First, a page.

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Klaus Gugler

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Klaus Gugler

Researcher of the Month

Why CO2 emis­sions aren’t sink­ing, in spite of gov­ern­ments’ best ef­forts

Global CO2 emis­sions are rising, al­though gov­ern­ments around the world are at­tempt­ing to slow them. Aus­tria has also failed to reach its cli­mate goals. WU Pro­fessor Klaus Gu­gler’s re­search fo­cuses on cur­rent en­ergy policies and their ef­fects on com­pet­i­tion. He at­trib­utes the prob­lems mainly to mis­guided sub­sid­iz­a­tion policies and too-low prices for CO2 cer­ti­fic­ates.

The cli­mate policies of many coun­tries fo­cus on dir­ect sub­sidies for re­new­able en­ergy sources like wind and solar power. Ger­many alone spent € 30 bil­lion on such sub­sidies in 2016, without any ob­serv­able im­prove­ment to date. “Gov­ern­ments seem to feel that they can solve the prob­lem by sub­sid­iz­ing the sup­ply side, that is, they think they know which re­new­able tech­no­lo­gies will be able to solve our cli­mate prob­lem,” criti­cizes Klaus Gu­gler, head of WU’s In­sti­tute for Reg­u­lat­ory Eco­nom­ics. He con­tin­ues, “Our stud­ies have shown clearly, however, that the ef­fects of the res­ult­ing com­pet­i­tion force the wrong en­ergy pro­viders out of the mar­ket.”

Sub­sidies with side ef­fects

Gu­gler’s re­search work in­vestig­ates the cur­rent situ­ation on the en­ergy mar­ket with a mi­croe­co­nomic ap­proach, high­light­ing the ef­fects of the in­teg­ra­tion of re­new­able en­ergy sources on price devel­op­ments, in­cent­ive ef­fects res­ult­ing from gov­ern­mental reg­u­lat­ory meas­ures, and ef­fects on com­pet­i­tion. One prob­lem­atic aspect is that be­cause re­new­able en­ergy sources are be­ing sub­sid­ized, sup­ply has in­creased, caus­ing prices to drop. “From an eco­nomic per­spect­ive, it doesn’t make sense to sub­sid­ize th­ings that you ac­tu­ally want people to use less of, like en­ergy. Without any in­dic­a­tions of scarcity, prices drop and con­sump­tion rises,” says the econom­ist. Other side ef­fects, for example con­tinu­ing power sup­ply re­li­ab­il­ity risks due to re­new­able en­ergy sources’ re­li­ance on met­eor­o­lo­gical con­di­tions, are also not taken into ac­count in cur­rent sub­sidy policies.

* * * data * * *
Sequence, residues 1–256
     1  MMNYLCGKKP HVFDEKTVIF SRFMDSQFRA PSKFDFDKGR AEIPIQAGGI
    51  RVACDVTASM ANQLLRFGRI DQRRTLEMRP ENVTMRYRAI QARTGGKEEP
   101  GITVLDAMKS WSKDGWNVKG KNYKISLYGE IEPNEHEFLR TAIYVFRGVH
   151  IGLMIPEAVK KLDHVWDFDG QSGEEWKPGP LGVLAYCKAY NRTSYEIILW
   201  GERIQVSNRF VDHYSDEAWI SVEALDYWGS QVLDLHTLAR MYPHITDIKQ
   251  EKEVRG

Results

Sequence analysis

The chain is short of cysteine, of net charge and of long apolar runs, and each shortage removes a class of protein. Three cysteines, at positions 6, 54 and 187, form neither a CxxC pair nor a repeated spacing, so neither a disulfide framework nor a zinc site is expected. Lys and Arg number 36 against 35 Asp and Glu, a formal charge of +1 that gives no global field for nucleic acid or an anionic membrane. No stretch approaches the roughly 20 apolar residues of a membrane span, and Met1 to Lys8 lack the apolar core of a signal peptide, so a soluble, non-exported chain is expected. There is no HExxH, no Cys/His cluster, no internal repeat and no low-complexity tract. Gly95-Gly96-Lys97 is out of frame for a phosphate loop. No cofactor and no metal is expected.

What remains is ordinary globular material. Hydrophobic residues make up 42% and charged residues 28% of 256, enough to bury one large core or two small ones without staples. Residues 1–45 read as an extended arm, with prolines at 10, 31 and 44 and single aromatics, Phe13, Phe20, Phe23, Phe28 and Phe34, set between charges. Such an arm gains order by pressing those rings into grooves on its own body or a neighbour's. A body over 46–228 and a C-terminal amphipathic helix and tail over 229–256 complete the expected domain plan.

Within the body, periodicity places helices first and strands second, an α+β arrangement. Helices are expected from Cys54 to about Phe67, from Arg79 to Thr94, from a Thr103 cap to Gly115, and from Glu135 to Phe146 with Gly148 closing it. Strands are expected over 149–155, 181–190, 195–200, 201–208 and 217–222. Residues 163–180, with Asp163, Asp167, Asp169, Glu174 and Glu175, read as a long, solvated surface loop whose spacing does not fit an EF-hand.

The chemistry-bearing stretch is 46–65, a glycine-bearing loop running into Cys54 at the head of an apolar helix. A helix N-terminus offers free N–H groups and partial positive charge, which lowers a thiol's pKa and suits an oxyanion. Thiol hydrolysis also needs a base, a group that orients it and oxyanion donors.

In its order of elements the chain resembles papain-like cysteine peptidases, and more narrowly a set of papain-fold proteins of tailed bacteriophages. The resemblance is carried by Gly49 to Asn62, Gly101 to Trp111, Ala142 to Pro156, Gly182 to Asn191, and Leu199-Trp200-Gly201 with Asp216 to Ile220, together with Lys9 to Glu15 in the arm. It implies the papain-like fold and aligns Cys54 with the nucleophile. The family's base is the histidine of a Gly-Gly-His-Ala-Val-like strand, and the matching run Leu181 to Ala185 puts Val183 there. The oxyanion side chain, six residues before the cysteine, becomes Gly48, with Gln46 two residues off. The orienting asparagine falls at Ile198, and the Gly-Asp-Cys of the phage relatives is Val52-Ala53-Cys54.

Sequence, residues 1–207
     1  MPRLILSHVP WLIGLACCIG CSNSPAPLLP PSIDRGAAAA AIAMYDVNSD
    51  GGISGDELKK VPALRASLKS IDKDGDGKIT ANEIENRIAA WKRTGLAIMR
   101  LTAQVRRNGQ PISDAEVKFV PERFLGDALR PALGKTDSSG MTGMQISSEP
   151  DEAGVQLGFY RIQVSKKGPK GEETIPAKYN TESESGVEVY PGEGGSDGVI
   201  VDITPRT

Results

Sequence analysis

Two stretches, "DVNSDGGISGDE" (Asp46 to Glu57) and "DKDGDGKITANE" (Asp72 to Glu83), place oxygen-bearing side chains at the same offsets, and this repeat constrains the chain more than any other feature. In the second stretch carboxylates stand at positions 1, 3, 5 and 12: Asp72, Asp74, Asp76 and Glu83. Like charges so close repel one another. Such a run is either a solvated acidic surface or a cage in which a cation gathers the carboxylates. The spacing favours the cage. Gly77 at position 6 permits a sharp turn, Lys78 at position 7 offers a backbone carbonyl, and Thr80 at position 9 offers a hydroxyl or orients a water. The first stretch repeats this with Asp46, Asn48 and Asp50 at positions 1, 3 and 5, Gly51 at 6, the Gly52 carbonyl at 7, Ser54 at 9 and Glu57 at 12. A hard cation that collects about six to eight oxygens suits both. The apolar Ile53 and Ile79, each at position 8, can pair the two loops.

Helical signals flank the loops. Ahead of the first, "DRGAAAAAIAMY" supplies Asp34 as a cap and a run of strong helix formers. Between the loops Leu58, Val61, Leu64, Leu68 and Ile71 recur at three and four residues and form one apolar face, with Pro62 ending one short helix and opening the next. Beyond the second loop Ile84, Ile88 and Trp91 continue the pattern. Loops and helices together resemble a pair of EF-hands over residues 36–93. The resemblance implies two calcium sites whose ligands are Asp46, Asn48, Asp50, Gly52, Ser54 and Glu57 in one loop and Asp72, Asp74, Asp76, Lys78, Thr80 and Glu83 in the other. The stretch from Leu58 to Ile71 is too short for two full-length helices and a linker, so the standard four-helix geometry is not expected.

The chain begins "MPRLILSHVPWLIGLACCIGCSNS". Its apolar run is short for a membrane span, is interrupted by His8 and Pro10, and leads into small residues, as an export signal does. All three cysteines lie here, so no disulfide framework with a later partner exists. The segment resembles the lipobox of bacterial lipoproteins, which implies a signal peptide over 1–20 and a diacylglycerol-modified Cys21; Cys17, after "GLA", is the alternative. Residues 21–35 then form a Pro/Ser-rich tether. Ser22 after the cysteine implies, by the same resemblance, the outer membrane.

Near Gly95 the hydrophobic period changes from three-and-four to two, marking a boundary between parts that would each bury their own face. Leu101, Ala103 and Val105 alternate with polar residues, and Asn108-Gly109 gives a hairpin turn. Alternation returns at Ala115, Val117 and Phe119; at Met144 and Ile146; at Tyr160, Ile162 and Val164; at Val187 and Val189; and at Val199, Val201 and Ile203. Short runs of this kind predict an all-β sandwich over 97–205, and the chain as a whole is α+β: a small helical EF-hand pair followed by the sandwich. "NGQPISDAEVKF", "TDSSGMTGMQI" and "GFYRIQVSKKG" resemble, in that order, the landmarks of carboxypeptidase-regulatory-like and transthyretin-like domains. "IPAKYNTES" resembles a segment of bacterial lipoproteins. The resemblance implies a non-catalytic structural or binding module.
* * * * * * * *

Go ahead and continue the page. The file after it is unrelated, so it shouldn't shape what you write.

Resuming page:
CO2 cer­ti­fic­ates too cheap

Thermal power plants, which emit CO2 dur­ing power gen­er­a­tion, and other CO2-in­tens­ive in­dus­tries like the steel in­dustry are re­quired to pur­chase CO2 cer­ti­fic­ates en­titling them to cre­ate these emis­sions. Ac­cord­ing to Gu­gler, however, gov­ern­ments have not man­aged to charge an ad­equate price for these al­low­ances due to a lack of in­ter­na­tional co­oper­a­tion and the suc­cess of lob­by­ists cam­paign­ing for an over­sup­ply of cer­ti­fic­ates. The low whole­sale price of en­ergy re­moves in­cent­ives to in­vest in more sus­tain­able power sources, he says. “Prac­tical examples for this are easy to find: When used to gen­er­ate elec­tri­city, coal emits at least double the CO2 as nat­ural gas. But be­cause the CO2 price is so low, it’s nat­ural gas rather than coal that’s be­ing pushed out of the mar­ket by re­new­ables. This means that CO2 emis­sions aren’t de­creas­ing, in spite of all the sub­sidies,” says Gu­gler.

Prudent in­vest­ments and tax­a­tion

For econom­ist Klaus Gu­gler, it would make good sense to tax con­sumers as well as CO2-­pro­du­cing in­dus­tries. “This is the only way to respond to the in­creased CO2 emis­sions res­ult­ing from goods im­por­ted from devel­op­ing coun­tries, and it would also dis­cour­age pro­duc­tion in coun­tries with lower en­vir­on­mental stand­ards.” He also pro­poses re­du­cing the num­ber of CO2 cer­ti­fic­ates avail­able on the mar­ket and set­ting a min­imum price for al­low­ances. “Rather than gov­ern­mental sub­sidies for re­new­able en­ergy sources, I would trust in the mar­ket forces as long as the ‘price is right,’ and in­vest the money in re­search and devel­op­ment in­stead. The gov­ern­ment should provide a con­sist­ent reg­u­lat­ory frame­work in the en­ergy in­dustry. We don’t know how we’re go­ing to reach the goal, but it cer­tainly won’t be without com­pet­it­ive solu­tions,” says Gu­gler.